Source: Khmer Times
In the last two years, human rights defenders and others critical of the government have been allegedly the main victims of Cambodia’s fractious political climate, rights group Licadho claimed in a press release on Monday.
The group, publishing a report titled “The Dangers of Dissent: Attacks on Human Rights Defenders”, said that as Cambodia’s human rights situation continues to deteriorate, speaking out against state-perpetrated abuses is crucial.
Licadho said in its report that it investigated more than 100
cases of suppression on the right to freedom of assembly and expression in the past two years.
It also noted that in the two years, more than 20 political prisoners spent time in jail.
The group said that in July 2016, one human rights defender, political analyst Kem Ley, paid the ultimate price for speaking out when he was shot dead in a petrol station.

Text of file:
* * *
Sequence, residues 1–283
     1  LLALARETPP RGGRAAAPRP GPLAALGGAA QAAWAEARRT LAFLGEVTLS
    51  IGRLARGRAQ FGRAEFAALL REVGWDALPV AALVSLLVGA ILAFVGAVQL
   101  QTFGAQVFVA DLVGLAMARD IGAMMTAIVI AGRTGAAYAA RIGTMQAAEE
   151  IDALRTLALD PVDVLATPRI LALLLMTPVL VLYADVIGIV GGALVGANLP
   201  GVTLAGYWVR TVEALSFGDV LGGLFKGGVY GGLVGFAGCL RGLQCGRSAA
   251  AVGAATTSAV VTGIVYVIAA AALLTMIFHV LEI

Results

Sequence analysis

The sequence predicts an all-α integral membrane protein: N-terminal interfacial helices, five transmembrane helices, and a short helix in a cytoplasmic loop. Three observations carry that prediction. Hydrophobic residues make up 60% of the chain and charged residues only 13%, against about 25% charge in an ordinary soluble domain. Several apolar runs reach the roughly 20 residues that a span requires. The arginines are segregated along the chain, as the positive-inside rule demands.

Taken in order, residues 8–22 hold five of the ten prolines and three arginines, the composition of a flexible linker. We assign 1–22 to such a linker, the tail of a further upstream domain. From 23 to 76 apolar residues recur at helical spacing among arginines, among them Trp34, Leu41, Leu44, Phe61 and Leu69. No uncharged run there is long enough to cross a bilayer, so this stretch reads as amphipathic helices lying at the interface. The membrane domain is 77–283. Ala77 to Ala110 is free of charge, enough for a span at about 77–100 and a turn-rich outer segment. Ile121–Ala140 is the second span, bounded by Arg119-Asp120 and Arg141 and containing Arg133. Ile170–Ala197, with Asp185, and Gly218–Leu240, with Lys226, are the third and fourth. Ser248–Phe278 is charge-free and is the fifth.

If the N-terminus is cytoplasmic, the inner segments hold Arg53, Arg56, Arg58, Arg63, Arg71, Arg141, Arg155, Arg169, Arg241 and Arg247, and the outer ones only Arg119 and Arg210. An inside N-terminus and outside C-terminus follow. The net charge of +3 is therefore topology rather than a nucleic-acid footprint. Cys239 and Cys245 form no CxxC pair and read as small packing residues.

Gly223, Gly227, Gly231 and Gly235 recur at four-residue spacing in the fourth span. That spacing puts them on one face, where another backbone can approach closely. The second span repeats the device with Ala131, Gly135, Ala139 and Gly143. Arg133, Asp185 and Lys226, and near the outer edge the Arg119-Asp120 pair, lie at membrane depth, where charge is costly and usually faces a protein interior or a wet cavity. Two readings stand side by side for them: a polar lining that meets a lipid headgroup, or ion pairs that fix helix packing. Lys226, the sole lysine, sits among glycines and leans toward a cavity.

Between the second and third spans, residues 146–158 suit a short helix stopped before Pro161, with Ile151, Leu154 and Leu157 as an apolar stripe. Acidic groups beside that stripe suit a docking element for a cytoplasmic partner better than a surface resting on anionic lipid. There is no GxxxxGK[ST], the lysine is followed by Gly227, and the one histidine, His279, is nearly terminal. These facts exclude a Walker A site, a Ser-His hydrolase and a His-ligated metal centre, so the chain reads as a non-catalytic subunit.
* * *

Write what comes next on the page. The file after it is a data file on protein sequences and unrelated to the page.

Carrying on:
Long-standing tactics used to silence human right defenders include judicial harassment by an allegedly politicised court system, state sponsored violence, and intolerance of peaceful protests, Licadho said.
The report also said that belligerent rhetoric from government officials and the armed forces have become commonplace, while peaceful assembly and expression has been disingenuously labelled as colour revolutions and shut down, at times violently, by authorities.
Last week, the so-called Adhoc Five, a group of former and current human rights defenders, were released on bail after more that 400 days in jail.
They still face trial on charges of bribing a witness in a case Licadho believes to be politically motivated.
“While last week’s release on bail of the four Adhoc staff and National Election Committee member Ny Chakrya was a welcome first step, they still face charges and other human rights defenders are still behind bars,” said Naly Pilorge, deputy director of Licadho.
“All imprisoned human rights defenders who have been persecuted just for standing up and speaking out against injustice must be released immediately and unconditionally, and their charges dropped.”
Government spokesman Phay Siphan said that the Licadho report misrepresented the government.
“All people can expresses their perspectives, but often their expression is just to attack the government,” Mr Siphan said.
Am Sam Ath, a senior co-ordinator for Licadho, said the report by his organisation is the truth and not biased.
“The government always denies these kinds of reports,” he said.